What you should know before buying an annuity.
Americans hear a lot about the shaky outlook for Social Security. In the future, the federal program likely will play a smaller overall role in Americans’ retirement plans.
One way to fill in the gaps of a savings portfolio is to put money in annuities. With an annuity, you pay a premium in exchange for guaranteed income payments at regular intervals. It is most often used for retirement purposes.
The basic types of annuities are equity indexed, fixed rate and variable. The major advantage of annuities is that they all guarantee benefits such as tax-free growth, the ability to pass money directly to heirs or charities and an income stream for life.
Over the past few years, equity-indexed annuities have gained a great deal of popularity. They offer interest or benefits that are linked to an external equity reference – a stock index like the S&P 500, for example. But you get a guaranteed minimum return in exchange for a limited maximum return; that is, you get less upside, but also less downside, to your stock-market investing. Your principal is never at risk.
Fixed-rate annuities, on the other hand, guarantee an interest rate and a declared minimum. They have traditionally been the most popular annuities.
Variable annuities provide more options. They enable you to invest in stock, bonds, mutual funds and money-market instruments.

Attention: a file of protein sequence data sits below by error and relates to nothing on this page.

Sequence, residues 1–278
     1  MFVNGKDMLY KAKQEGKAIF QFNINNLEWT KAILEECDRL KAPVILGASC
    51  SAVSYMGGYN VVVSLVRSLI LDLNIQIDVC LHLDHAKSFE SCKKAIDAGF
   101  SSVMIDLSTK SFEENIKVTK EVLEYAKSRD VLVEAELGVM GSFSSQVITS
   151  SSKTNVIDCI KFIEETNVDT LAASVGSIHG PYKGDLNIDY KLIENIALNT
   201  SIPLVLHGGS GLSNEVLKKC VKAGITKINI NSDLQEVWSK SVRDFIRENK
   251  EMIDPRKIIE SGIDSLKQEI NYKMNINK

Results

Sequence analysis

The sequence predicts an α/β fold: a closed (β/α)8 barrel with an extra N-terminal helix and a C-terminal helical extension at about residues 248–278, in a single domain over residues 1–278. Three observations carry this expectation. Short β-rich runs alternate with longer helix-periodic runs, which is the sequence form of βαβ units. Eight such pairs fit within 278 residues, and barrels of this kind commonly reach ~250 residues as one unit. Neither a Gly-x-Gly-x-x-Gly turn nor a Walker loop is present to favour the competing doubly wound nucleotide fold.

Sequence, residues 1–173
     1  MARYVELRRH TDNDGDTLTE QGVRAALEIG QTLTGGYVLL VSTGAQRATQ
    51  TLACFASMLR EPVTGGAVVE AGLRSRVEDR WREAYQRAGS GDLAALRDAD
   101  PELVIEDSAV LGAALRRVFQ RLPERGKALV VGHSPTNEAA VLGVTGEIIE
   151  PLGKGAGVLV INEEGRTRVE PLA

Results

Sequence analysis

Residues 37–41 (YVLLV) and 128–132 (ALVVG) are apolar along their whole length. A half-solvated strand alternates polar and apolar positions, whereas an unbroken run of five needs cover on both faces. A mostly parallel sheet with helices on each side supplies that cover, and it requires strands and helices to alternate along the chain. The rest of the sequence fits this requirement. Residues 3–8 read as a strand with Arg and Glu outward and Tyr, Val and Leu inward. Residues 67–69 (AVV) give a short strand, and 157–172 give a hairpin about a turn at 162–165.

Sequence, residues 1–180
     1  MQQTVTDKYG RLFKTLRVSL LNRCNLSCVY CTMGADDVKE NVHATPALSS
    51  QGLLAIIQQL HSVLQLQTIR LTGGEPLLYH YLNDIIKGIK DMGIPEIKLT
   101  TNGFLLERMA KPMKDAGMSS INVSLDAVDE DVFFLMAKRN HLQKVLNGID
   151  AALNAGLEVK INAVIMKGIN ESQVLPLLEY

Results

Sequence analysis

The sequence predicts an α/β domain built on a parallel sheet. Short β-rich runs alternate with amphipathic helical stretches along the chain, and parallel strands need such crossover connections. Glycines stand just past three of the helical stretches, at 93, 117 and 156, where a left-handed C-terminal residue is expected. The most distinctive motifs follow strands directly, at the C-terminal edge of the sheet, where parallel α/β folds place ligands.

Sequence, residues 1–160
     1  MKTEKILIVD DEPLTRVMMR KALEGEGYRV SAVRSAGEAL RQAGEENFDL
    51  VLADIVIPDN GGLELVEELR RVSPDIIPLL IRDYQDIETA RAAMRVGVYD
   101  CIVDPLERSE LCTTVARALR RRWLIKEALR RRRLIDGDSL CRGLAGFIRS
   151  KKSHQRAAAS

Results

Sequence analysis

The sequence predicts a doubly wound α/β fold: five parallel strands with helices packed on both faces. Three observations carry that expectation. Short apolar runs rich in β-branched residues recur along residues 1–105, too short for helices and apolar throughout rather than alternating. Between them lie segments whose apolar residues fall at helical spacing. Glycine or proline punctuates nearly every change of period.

Here are some tips for the potential investor.
* Be sure the firm you work with is not limited to offering just one company’s annuities. There are many options available, so work with an agent that can get the one that best fits your needs.
* Understand what you are buying. Talk to your insurance agent about which annuity may be right for your retirement portfolio. Fully understand the annuity contract you are considering.
* Define your goals. Annuities can be used to accomplish a number of financial goals. For example, they can supplement your monthly income or provide emergency funds. Decide which purpose your annuity will serve.
* Ask your agent if you have a “free look” period to review your annuity contract and make sure you have made the right decision.
* Investigate whether or not a bonus annuity is right for you. Bonus annuities credit premium bonuses to allow a retirement saver to make up for stock market loss or to provide an immediate boost to the account value.